Needless to say that the impact on our lives was devastating and life changing. We all deal with these things very differently. My wife was much more open about her grief, where as I bottled thing up.
I eventually had to take a few months off work, as I was unable to concentrate, and I found my self in a very dark place which was only getting worse.
I decided I needed something to focus on. I enrolled at a local college to study for an HND in photography. I had a love for photography when I was at school and even when we were first married but hadn’t taken any photos for some years.
Re-discovering photography has helped me to cope with the loss of Jo-Anne. This February will be the 15th anniversary of her passing. I did well with the course which has re-kindled my love for photography. I organise a small camera club now and have made many wonderful friends through photography.
I don’t write this as something sad but to encourage you to keep doing what you are doing. You are a very genuine person and share so freely. Your world war 2 project is so very important and all those stories need to be told. As you have said, it’s something you have to do.
I don’t claim to understand why things happened the way they did. But I do believe that God has a plan for us all, and he has sustained my wife and I through it all. Our son, Jonathan is now married and we have two wonderful grandchildren Nathan and Sarah.
The photographs of Jonathan and Jo-Anne are priceless and our most treasured processions. A moment in time that can never be repeated, but can be enjoyed for ever.
Best Wishes to you.
As if I needed it, another recent incident also happened that stopped me in my tracks…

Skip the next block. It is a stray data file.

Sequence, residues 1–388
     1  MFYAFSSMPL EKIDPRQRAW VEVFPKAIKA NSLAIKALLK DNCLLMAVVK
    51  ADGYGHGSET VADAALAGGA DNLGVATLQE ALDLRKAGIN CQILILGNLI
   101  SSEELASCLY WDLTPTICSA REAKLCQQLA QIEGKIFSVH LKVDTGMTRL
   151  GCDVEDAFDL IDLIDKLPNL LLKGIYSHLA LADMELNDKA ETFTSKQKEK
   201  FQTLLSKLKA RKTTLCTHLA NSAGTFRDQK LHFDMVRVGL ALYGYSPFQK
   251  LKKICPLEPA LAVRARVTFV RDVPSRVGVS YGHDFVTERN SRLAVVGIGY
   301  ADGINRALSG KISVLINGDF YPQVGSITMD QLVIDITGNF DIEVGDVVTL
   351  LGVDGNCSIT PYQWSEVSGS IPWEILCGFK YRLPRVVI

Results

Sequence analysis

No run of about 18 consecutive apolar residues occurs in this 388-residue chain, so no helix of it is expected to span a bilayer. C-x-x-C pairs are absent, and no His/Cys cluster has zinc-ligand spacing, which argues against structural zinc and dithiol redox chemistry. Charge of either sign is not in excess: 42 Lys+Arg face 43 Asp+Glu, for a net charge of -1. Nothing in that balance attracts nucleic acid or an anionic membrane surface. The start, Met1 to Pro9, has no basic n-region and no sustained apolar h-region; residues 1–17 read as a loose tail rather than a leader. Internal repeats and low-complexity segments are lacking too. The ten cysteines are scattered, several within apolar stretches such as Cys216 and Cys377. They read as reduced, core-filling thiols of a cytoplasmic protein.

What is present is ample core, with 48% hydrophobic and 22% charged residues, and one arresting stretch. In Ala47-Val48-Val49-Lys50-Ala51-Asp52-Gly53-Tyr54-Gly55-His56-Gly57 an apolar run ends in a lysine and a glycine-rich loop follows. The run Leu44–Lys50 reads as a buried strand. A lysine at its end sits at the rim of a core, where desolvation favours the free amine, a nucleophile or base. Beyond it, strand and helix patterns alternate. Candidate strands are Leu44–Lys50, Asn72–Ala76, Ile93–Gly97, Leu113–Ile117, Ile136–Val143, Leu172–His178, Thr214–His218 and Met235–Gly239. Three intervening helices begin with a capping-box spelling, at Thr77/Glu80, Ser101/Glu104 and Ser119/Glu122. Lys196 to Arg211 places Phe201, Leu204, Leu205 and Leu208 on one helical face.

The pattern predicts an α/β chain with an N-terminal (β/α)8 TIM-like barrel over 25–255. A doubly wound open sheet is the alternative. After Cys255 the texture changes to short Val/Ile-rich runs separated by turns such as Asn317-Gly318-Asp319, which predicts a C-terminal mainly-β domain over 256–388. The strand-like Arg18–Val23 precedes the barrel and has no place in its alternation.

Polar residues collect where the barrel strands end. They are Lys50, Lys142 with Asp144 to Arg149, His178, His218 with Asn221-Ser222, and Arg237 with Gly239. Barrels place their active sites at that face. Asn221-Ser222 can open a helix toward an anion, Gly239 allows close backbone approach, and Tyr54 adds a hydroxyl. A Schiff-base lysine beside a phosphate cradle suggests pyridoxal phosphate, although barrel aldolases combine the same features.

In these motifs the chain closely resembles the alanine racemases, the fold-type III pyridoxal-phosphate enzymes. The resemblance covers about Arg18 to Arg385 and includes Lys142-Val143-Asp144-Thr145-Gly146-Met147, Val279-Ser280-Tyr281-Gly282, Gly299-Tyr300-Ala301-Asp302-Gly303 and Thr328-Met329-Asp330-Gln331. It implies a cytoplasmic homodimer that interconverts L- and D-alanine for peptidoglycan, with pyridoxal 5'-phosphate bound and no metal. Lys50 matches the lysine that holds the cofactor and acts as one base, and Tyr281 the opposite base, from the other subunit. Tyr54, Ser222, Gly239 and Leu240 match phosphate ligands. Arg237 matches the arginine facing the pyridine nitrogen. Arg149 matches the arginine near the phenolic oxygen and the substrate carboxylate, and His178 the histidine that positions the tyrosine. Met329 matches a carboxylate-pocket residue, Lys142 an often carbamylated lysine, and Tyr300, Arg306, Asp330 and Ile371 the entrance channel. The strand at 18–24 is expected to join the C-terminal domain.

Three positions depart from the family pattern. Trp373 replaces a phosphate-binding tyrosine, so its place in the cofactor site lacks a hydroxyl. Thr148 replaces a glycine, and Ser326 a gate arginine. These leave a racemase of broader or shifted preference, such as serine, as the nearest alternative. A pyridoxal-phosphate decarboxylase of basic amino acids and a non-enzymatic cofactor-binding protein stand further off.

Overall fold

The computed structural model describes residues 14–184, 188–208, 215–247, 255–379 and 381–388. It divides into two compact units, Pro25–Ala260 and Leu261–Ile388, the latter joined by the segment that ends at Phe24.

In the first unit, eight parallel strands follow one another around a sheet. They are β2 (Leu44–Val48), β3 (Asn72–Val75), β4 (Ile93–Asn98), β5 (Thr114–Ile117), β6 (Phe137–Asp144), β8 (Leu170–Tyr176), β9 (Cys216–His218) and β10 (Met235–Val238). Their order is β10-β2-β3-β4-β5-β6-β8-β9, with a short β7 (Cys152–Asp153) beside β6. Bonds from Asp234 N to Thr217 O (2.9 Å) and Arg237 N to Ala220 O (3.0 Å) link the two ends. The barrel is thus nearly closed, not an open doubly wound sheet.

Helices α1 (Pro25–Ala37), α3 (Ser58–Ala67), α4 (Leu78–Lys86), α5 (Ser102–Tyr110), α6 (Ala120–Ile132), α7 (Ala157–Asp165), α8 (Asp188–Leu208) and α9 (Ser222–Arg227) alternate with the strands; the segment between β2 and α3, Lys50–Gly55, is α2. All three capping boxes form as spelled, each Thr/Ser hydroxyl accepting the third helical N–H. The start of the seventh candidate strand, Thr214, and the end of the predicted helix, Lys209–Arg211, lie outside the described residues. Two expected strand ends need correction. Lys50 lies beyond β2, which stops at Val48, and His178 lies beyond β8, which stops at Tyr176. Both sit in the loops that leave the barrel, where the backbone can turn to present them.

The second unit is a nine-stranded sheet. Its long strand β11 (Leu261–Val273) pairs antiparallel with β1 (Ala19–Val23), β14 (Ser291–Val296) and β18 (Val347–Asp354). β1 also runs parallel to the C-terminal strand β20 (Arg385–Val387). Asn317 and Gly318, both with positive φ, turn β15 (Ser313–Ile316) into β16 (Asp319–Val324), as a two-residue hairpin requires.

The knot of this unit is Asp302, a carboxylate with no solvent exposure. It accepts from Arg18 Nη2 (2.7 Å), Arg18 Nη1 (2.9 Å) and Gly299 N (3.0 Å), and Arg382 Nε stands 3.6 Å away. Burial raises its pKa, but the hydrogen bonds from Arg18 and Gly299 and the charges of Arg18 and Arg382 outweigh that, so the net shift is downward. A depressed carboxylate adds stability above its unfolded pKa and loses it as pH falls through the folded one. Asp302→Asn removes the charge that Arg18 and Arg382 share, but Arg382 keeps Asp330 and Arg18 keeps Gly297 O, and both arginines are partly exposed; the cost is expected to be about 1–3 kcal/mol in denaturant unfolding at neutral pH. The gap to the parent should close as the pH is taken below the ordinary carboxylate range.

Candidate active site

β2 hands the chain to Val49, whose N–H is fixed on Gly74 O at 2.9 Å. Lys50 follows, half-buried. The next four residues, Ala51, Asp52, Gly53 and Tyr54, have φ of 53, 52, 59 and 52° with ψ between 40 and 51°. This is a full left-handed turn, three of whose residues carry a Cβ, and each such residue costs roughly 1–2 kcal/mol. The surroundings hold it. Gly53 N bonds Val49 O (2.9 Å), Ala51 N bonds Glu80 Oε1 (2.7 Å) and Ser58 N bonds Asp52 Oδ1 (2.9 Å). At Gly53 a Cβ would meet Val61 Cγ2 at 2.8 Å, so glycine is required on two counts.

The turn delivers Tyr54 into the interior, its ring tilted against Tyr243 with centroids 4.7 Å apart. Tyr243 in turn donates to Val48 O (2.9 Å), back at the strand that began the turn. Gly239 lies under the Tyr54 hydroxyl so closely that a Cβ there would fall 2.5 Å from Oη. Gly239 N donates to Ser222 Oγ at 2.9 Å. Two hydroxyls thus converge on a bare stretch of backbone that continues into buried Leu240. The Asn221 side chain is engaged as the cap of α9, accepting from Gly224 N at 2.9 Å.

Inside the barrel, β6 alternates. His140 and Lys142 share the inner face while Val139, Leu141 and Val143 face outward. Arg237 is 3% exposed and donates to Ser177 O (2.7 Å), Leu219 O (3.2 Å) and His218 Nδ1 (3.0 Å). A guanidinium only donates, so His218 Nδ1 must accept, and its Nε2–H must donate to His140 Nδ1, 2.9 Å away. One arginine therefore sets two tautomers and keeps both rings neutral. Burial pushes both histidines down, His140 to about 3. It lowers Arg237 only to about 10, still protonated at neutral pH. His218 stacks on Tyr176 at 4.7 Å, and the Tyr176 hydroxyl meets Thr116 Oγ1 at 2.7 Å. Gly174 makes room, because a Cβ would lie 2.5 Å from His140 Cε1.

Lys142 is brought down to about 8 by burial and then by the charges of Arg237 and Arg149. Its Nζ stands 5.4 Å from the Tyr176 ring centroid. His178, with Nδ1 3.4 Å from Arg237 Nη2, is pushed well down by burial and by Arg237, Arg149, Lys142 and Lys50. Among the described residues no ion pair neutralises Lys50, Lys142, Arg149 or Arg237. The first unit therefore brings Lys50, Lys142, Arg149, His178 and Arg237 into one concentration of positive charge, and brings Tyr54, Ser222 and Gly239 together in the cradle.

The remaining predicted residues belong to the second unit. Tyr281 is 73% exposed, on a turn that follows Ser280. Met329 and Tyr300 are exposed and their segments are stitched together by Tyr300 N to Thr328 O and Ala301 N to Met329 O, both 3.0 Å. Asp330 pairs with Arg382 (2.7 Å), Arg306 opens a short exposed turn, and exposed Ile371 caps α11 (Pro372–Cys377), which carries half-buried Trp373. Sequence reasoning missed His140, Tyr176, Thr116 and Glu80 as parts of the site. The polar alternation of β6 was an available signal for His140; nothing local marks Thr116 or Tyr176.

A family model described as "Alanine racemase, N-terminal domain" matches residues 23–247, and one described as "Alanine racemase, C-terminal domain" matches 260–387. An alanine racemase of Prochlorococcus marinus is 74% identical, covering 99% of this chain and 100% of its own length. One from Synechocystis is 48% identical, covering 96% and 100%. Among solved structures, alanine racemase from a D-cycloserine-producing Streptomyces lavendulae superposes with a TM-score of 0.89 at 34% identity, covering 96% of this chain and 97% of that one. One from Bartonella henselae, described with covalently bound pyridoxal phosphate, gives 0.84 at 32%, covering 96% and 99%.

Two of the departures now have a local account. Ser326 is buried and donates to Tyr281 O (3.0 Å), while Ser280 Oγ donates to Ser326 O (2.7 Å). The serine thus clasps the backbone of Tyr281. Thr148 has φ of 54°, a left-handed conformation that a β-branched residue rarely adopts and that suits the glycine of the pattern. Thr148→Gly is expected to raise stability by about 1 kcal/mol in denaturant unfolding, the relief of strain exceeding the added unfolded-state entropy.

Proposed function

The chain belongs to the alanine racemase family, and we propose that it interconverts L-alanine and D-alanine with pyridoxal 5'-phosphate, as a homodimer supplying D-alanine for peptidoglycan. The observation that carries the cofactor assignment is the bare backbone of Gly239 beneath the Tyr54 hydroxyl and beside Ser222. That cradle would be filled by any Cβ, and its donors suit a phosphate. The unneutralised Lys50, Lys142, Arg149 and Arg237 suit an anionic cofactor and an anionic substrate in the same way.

I’d recently photographed Walerian Jaworski; a delightful Polish gentleman that had served during World War and who when 13 years of age had been taken, along with his parents, from the family home by Russian Soldiers in the middle of the night, bundled onto a train and sent to a Labour Camp. His life story is truly an incredible. I spent time with him taking his portrait and making sure to get a photograph of him and his wife together, and afterwards we chatted about his life whilst drinking tea and eating cake. Delightful!
A couple of weeks later having sent prints to Walerian for him and his children as well as one to Maria who had initially introduced me to Walerian, I received a text message to say that sadly Walerian had passed away.
I kind of knew it already but things happening like this and reading the emails that were coming through confirmed it … Photography is so damn important and way more than kit and settings!
Now I don’t write this to depress you or anything like that … far from it; the reason I write this is as a reminder of how important photographs are. Sure we want to take the very best pictures we can with spot on exposure, detail, sharpness and perfect composition but do you know what?!?! I’d rather a blurry, poorly composed picture with less than perfect exposure of a loved one in favour of no photo at all, any day!
Take every opportunity to to take pictures of friends, family and loved ones. Grab a piece of paper NOW and write down the names of 5 people, be they family or friends or whatever, and make the call to arrange taking their portrait.
In the words of Nike … JUST DO IT!